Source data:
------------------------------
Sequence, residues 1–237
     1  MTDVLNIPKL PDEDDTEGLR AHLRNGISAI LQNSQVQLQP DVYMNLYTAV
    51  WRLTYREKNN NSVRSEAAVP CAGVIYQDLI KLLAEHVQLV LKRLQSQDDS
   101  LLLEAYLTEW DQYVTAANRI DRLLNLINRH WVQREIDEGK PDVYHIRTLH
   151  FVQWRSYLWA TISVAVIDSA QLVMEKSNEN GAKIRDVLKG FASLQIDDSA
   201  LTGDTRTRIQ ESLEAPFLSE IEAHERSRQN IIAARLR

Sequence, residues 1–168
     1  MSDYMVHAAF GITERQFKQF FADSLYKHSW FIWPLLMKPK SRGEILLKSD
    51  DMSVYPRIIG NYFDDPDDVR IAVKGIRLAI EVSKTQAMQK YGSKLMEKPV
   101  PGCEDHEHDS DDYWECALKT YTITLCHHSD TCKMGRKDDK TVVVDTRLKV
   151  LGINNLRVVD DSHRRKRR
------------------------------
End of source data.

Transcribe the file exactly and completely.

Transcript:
Sequence, residues 1–237
     1  MTDVLNIPKL PDEDDTEGLR AHLRNGISAI LQNSQVQLQP DVYMNLYTAV
    51  WRLTYREKNN NSVRSEAAVP CAGVIYQDLI KLLAEHVQLV LKRLQSQDDS
   101  LLLEAYLTEW DQYVTAANRI DRLLNLINRH WVQREIDEGK PDVYHIRTLH
   151  FVQWRSYLWA TISVAVIDSA QLVMEKSNEN GAKIRDVLKG FASLQIDDSA
   201  LTGDTRTRIQ ESLEAPFLSE IEAHERSRQN IIAARLR

Sequence, residues 1–168
     1  MSDYMVHAAF GITERQFKQF FADSLYKHSW FIWPLLMKPK SRGEILLKSD
    51  DMSVYPRIIG NYFDDPDDVR IAVKGIRLAI EVSKTQAMQK YGSKLMEKPV
   101  PGCEDHEHDS DDYWECALKT YTITLCHHSD TCKMGRKDDK TVVVDTRLKV
   151  LGINNLRVVD DSHRRKRR